My Millstone Mountain Home

By Peter J. Gossett

Millstone Mountain has overlooked Winston County for thousands of years, shrouded in history through the Indians, through the bloody War of Rebellion, and will stand for years to come. A small, round dial sits at the top of it, marking one of the highest points in the whole area, 922 feet above sea level, even though there is a higher place in Haleyville. Regardless, the mountain can be seen from near Double Springs, Natural Bridge, Lynn, Nauvoo, and probably even as far away as Delmar. Since about 2004, when the trees were cleared off the top of the mountain, one can see for several miles in all directions, noting eight different water tanks against the skyline, one as far away as six miles. Although it is a rough hike up the mountain, the view at the top is worth the effort.

The marker at the top reads, "U.S. Coast & Geodetic Survey, Triangulation Station, For Information Write to the Director, Washington, D.C., $250 Fine or Imprisonment for Disturbing this Mark. Millstone, 1939." It is just one of at least seventy-six such markers throughout the county.

But what about the history of this place? Not much exists. According to Dianne Miller's father, his father told him there was a rock quarry there where they got the rock to make millstones. Dianne's Kelley family held reunions there, probably since it was a central location to meet from where they lived: near Sardis Church, Lynn, and Nauvoo.

Millstone Mountain Freewill Baptist Church was in existence for many years prior to having a cemetery there, probably since Enon and Sardis Cemeteries were just a mile away in different directions. The first one buried here was George Anthony Dodd, who died on August 29, 1958. The land for the church was donated January 27, 1913, and the church building there now is the third building.

Besides the church, the most significant part of history for the mountain is the fact that it was mined for coal from the 1930s to the 1950s. Several entrances to the mines are still there and can be entered for a short distance. In 1946, the "Millstone Mountain Mine Company" had eight mine entrances and mined a weekly average of 496,000 pounds of coal. Two brothers, both great-grandsons of Anderson Ward, died on Millstone Mountain: one while mining for coal and the other while digging for coal for heat during the winter.

John Marion Ward was born on July 24, 1897 (tombstone says 1895), and he died on Friday the 13th, December 13, 1940, the day after his injury. He was a World War I vet (A1 Pvt 351 Inf 88 Div). He married Mariah Jane Barton (July 13, 1900 - October 9, 1982), daughter of Alonzo Irvin Barton and Lucy Adeline Berry. They were married on June 1, 1919, in Winston County and are buried at Sardis. Here is the article from the Advertiser-Journal, December 19, 1940:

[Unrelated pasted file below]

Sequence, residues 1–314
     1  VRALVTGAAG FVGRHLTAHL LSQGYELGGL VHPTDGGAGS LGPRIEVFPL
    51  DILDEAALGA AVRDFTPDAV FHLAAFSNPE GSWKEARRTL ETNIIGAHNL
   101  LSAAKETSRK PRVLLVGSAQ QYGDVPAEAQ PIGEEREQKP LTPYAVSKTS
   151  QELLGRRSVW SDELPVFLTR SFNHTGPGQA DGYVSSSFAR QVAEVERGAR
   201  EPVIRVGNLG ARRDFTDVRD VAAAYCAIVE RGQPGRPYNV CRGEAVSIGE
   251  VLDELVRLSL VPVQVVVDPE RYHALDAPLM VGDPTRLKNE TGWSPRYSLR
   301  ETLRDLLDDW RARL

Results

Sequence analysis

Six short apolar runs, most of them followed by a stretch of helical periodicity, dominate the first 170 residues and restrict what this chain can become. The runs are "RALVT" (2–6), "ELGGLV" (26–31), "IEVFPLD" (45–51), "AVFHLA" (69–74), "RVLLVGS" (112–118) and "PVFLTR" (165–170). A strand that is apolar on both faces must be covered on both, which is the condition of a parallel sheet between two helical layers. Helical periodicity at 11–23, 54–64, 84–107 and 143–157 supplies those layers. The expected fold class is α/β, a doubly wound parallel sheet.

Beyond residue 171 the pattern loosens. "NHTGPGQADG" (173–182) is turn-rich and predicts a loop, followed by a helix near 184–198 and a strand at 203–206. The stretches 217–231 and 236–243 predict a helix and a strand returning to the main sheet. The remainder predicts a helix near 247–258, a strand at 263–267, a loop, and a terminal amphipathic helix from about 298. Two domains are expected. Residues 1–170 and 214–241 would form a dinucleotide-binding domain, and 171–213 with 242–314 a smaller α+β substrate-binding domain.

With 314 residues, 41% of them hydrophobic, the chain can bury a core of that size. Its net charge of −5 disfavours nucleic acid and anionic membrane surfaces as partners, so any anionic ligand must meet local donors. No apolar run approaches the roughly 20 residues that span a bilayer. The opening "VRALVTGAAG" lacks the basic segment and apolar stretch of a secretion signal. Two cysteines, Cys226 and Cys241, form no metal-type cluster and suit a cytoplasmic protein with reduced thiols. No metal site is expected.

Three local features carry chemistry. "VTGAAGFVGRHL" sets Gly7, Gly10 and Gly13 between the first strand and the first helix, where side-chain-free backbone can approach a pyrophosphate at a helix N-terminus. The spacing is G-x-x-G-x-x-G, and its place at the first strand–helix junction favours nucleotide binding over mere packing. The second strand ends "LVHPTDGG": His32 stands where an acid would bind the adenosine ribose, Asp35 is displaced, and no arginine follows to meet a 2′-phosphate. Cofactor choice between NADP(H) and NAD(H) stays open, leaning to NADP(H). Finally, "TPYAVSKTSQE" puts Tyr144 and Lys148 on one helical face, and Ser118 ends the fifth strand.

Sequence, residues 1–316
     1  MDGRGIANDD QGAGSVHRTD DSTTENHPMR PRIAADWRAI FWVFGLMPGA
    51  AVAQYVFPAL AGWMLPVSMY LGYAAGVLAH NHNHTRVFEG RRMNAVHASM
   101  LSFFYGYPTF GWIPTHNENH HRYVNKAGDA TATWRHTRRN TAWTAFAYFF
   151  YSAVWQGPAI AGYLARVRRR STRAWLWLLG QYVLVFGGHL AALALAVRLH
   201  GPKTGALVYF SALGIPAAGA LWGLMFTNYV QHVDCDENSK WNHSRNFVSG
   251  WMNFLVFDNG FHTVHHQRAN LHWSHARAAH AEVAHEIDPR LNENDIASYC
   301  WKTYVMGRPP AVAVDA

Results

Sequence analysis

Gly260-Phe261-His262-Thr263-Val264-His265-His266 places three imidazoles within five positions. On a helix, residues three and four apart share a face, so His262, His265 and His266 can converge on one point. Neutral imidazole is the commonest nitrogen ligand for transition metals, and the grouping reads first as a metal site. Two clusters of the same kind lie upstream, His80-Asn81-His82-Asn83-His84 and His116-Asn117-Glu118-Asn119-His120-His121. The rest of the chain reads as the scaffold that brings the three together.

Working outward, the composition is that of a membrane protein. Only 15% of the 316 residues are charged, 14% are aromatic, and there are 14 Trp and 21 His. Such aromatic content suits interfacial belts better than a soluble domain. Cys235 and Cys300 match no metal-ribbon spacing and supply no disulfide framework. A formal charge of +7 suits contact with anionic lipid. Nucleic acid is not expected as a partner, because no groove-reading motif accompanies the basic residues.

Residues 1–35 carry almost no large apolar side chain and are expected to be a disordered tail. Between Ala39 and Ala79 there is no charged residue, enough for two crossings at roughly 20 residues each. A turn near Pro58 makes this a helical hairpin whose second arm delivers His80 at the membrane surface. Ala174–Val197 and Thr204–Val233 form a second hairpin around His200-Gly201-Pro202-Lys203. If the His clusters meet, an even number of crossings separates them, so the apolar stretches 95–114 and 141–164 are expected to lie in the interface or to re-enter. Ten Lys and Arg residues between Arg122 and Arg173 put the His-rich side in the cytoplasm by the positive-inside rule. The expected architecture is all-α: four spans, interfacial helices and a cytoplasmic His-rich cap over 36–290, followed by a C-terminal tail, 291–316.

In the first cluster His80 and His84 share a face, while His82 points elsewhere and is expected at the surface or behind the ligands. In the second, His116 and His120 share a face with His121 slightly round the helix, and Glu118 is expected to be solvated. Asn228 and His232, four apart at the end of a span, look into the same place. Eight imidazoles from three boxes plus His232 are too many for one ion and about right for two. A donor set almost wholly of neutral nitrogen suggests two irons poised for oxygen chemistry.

"Funeral services were held Sunday for John Marion Ward, 45-year-old miner who was fatally injured by a falling rock in a mine near Lynn last Thursday. Mr. Ward, a World War veteran, was a resident of Delmar, Route 1. Mr. Ward died en route to the Veterans Hospital Friday in Tuscaloosa. Funeral services were conducted at Sardis Church and burial took place in the adjoining cemetery. Survivors are the wife, Mariah; four sons, Leon, Marvin, Arlee, and B.G., all of Delmar; and two daughters, Ester Lee and Minnalee, both of Delmar."

Just over sixteen years later, his brother was killed at the same place, the same way. David Anderson Ward was born July 26, 1900, and died on January 17, 1957. He married Emma Knight (December 16, 1905 - August 17, 1984) on January 25, 1920, in Winston County; she was the daughter of Thomas Anderson Knight. They are buried at New Hope (Kelley Mill). Here is the article from the Advertiser, January 18, 1957:

"Sawmiller Dies Under Rock Fall - David Anderson Ward, 53-year-old sawmiller of Double Springs Rt. 3, was killed instantly early Thursday afternoon in a rock fall at Millstone Mountain, on the Lynn-Double Springs Road. Mr. Ward died under a fallen rock ledge that measured some 23 feet long, 3 feet wide, and 3 feet thick. With a son, Mr. Ward was digging out some coal in a 'strip' mine for home use when the ledge gave way, breaking almost all bones in his body. It was some time before volunteer workmen and officers could remove the dead man. Funeral services are scheduled for 2 p.m. Saturday at New Hope Church with Bro. Willie Manasco officiating. Nichols Funeral Home will direct interment in Kelley Mill Cemetery. Survivors include the widow, Mrs. Emma Ward; five sons, William, Simon, Franklin D., Arthur, and Lacy Edwin Ward; four daughters, Mrs. Ola Faye McDonald, Mrs. Willie Jo Loyd, Misses Liddie, and Asalee Ward. One brother, Billy Ward; five sisters, Mrs. Mary Wakefield, Mrs. Sarah Knight, Mrs. Elizabeth Morris?, Mrs. Lettie Rhodes, and Mrs. Eddis Brooks."

John and David Wards' parents were David Anderson Ward and Martha Jane Butler. David's parents were Joel Marion Ward and Sarah Harper. Joel was sheriff of Winston County from 1896 to 1900, and his parents were Anderson Ward and Winnie Catherine Durham. Anderson was a Union soldier in the First Alabama Cavalry.